Bring a pot of salted water to a rolling boil, then toss the fusilli in it (what in Italian we call: buttare giù la pasta). The time needed is a bit variable, depending on the size of fusilli, how dry they are, etc.
When the fusilli are nearly done, melt the browned butter in a small frying pan.
Taste and stop the cooking when the fusilli are ready. Pour a glass of cold water in the pot, stir and drain the fusilli. Drop the pasta into the pan with the butter. Stir well, then sprinkle some of the cheese and stir some more. Plate and sprinkle a bit more cheese on the top. Serve immediately.
The recipe makes two small portions.
For the current edition of Cook the Books, we are reading Home Cooking by Laurie Colwin (1988). I didn't know this book before I saw it on our reading list and am grateful to Deb of Kahakai Kitchen for choosing such a delightful memoir. The style is sparkling, the voice fresh and engaging, and the book is a real pleasure to dive into. If you have not read Home Cooking, I warmly recommend it.
Ms. Colwin shares a number of recipes with her readers, from her take on traditional dishes like Boston Brown Bread, to the result of her experiments in the kitchen, like Polenta and Broccoli di Rape. I'll be totally honest and admit that while I enjoyed reading about the recipes, I had difficulty being inspired by them, as Colwin's style of cooking is quite different from mine.
I know though, that she enjoyed making pasta, because she says so on page 178:
I was once given a pasta machine and instantly set about making pasta. My pasta was not beautiful and it did not emerge from its final rolling in one long, beautiful sheet, but it certainly was delicious and not overly time-consuming.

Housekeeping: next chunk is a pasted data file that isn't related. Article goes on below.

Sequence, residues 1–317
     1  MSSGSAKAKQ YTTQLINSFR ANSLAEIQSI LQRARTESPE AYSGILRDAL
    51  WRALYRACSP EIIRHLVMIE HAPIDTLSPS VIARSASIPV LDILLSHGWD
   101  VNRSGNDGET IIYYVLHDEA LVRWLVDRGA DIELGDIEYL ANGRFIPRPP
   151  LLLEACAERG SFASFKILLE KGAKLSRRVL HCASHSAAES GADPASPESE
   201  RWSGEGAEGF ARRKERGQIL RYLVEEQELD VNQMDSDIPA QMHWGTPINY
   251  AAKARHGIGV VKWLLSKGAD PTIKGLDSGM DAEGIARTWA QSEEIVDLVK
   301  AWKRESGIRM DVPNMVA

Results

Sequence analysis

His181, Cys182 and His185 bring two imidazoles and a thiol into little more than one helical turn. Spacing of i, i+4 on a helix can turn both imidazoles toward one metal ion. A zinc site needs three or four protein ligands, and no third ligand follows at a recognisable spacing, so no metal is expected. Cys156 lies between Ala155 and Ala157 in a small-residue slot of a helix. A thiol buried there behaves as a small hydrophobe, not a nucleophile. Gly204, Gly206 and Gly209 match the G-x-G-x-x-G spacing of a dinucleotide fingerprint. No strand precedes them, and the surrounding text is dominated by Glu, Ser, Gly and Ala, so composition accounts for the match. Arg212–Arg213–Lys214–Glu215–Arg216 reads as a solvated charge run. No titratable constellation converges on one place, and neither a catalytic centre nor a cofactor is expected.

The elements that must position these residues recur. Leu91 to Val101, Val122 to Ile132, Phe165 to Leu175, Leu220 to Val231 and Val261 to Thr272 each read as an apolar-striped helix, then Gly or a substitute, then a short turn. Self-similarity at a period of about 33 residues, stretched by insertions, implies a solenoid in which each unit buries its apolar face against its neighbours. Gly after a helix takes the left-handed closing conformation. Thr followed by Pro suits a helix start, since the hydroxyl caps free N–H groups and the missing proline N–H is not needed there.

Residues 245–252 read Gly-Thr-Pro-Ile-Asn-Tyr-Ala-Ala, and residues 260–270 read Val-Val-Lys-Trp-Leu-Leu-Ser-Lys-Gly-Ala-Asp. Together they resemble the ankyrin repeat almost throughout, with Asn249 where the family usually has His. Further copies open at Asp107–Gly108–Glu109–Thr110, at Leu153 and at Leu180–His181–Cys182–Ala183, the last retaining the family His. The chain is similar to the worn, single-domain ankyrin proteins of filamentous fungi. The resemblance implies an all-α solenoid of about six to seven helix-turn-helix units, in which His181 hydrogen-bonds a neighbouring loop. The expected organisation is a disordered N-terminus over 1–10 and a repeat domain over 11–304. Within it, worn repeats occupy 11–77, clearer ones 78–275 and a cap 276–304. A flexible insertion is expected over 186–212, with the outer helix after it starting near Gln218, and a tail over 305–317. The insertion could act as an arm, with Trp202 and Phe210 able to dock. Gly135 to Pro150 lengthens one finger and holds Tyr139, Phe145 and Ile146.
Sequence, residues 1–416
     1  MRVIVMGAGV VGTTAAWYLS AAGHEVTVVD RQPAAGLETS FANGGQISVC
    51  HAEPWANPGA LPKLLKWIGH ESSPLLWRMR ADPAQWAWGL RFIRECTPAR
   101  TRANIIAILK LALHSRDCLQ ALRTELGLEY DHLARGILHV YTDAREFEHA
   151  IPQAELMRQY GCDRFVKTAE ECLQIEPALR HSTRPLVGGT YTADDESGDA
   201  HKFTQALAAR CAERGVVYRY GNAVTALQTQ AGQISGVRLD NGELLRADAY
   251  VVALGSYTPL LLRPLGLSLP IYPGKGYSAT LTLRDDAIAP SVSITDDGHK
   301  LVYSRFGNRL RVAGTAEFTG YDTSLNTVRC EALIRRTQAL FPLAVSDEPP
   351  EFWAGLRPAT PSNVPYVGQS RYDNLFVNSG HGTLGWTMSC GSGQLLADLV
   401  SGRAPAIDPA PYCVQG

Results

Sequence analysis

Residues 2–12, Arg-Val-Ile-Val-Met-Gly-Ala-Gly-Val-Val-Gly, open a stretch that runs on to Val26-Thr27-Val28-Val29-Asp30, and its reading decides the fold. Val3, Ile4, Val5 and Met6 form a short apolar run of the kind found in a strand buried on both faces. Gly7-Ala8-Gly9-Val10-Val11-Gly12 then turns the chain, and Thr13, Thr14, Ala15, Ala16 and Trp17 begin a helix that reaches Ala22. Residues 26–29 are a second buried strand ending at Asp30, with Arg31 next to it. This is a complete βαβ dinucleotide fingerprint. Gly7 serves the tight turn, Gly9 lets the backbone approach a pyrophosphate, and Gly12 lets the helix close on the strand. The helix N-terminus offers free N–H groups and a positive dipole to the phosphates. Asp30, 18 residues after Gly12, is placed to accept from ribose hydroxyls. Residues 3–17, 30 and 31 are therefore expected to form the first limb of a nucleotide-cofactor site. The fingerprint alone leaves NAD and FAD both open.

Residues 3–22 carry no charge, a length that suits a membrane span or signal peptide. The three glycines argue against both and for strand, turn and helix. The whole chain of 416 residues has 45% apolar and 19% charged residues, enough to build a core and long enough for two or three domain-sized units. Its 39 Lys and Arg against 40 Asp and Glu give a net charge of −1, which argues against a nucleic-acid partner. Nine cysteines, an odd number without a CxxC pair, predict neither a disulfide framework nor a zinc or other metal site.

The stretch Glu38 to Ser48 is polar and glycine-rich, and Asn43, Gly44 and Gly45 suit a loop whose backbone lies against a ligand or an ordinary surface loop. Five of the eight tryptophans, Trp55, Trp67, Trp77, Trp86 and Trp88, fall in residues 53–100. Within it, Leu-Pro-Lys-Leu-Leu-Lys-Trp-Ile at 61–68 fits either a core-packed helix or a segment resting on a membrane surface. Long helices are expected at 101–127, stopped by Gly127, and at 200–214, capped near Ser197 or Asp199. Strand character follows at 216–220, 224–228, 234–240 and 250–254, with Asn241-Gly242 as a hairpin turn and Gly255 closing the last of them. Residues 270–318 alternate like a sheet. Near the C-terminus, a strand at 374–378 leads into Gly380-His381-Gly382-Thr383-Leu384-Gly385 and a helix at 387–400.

Ms. Colwin was open to trying new things to decide for herself whether she liked them or not. I am sure she would have been open to learn to make the pasta shapes with which I have been experimenting recently (strascinati, orecchiette, maccheroni al ferro, gnocchetti sardi ), and she would have commented on her experience with the wit she shows throughout Home Cooking. So, to her I dedicate my last adventure in pasta making: fusilli al ferro. And based on the recipes in the book, I know she would have liked the burro e parmigiano dressing.
1 See the post on orecchiette for details on the various types of ground durum wheat.
This is my contribution to the current edition of Cook the Books, hosted by Deb of Kahakai Kitchen. You can find the guidelines for participating in the event here, and here is the announcement. This post contains the roundup of the event.
This is also my contribution to edition #280 of Presto Pasta Nights. The event was created by Ruth of Once Upon a Feast and is hosted this week by Simona of briciole (that would be me). This post contains the roundup of the event.
Click on the button to hear me pronounce the Italian words mentioned in the post:
or launch the fusilli al ferro audio file [mp3].
[Depending on your set-up, the audio file will be played within the browser or by your mp3 player application. Please, contact me if you encounter any problems.]